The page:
Notepad: Risk in Review – March 2020

This post first appeared on Risk Management Magazine. Read the original article.

Coronavirus Infects
Tens of Thousands Worldwide

The novel coronavirus 2019-nCoV, which the World Health
Organization (WHO) formally declared a global health emergency in late January,
continues to spread throughout China and other countries. The virus has claimed
more victims than the SARS outbreak in 2003 and is impacting business
operations and supply chains around the world. As of February 13, the virus had
killed more than 1,300 people, including two outside mainland China, and
infected more than 60,000 in 28 countries and territories. In addition to the
cancellation of major public events in China, many international businesses
have curtailed operations in the country, instructed employees to work from
home, and restricted employee travel to and from China to limit exposure as the
virus spreads. The U.S. government suspended entry into the country for
non-citizens who had travelled in China in the past 14 days (the incubation
period of the virus) and said that Americans who had visited the Hubei province
where the virus was first identified could be quarantined for up two weeks. The
CDC officially recommended avoiding all non-essential travel to China, and the
U.S. State Department has asked people not to travel to China at all.

Facebook to Pay $550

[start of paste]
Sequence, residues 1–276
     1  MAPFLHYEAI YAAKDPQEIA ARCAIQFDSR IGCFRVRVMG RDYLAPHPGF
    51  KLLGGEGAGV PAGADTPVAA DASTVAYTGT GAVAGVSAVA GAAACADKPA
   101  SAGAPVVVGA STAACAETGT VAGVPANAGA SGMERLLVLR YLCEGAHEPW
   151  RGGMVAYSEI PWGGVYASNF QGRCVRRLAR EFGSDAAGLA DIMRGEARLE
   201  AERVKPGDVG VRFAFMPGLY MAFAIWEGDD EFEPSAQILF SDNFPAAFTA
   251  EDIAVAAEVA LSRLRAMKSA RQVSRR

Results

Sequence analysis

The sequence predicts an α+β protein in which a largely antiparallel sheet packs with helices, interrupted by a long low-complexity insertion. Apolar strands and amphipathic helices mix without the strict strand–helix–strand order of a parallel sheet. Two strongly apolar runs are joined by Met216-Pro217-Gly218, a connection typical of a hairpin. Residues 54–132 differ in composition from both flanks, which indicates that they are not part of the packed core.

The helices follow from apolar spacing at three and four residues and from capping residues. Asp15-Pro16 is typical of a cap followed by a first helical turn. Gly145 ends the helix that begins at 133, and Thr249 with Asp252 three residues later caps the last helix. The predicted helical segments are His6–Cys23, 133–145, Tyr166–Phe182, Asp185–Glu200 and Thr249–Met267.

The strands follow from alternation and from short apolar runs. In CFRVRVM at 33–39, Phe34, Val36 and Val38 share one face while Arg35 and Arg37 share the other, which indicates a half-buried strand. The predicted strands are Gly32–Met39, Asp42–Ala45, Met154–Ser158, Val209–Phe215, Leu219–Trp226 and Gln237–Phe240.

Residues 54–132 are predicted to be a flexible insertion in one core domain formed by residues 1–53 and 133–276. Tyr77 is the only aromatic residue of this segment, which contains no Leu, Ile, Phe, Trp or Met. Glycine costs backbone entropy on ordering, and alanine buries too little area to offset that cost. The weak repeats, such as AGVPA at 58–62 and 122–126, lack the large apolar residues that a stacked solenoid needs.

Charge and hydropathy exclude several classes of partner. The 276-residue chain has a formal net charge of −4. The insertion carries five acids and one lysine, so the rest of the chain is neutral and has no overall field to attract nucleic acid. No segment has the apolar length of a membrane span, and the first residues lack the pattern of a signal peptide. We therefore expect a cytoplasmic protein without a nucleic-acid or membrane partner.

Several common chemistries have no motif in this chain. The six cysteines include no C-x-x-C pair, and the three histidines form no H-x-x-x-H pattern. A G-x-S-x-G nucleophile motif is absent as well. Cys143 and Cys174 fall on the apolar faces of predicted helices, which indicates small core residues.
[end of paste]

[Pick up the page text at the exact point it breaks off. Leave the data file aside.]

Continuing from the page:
Million for Facial Recognition Violation

Facebook will create a $550 million fund to compensate users
in Illinois to settle a 2015 lawsuit alleging that the company violated the
state’s Biometric Information Privacy Act (BIPA) by storing facial data to
automatically tag users in pictures. The feature, called “Tag Suggestions,”
initially tagged faces by default, but Facebook switched it to opt-in last
year. Enacted in 2008, Illinois’s BIPA prescribes a $1,000 fine for any
violation, which can increase to $5,000 per violation if a company willfully
neglected the law. The settlement will likely break down to hundreds of dollars
per plaintiff once the deal is finalized, depending on how many Illinois
Facebook users are included. In 2012, the company deactivated the feature in
Europe after regulators questioned how it stored user data and how users could
provide consent.

Huawei Sues Verizon for
Patent Violations

In February, Huawei filed two lawsuits against Verizon in
U.S. district court for allegedly using a dozen of Huawei’s networking
technology patents without permission or licensing. After licensing
negotiations between the companies broke down in early 2019, the Chinese
telecom giant claims that Verizon used its patents for its FiOS services and
network infrastructure, and reaped profits from these patents totaling $29.8
billion. It is unclear how much the lawsuits are seeking in damages. A Verizon
spokesperson said that the lawsuits had no merit and were “nothing more than a
PR stunt.” Huawei made similar claims last June, alleging that Verizon used 238
Huawei patents without permission, and the New York Times estimated that
those claims could total more than $1 billion in fines.

Wawa Breach exposes 30
Million Records

In December, convenience store chain Wawa alerted customers
to a data breach that compromised payment card details from its 850 East Coast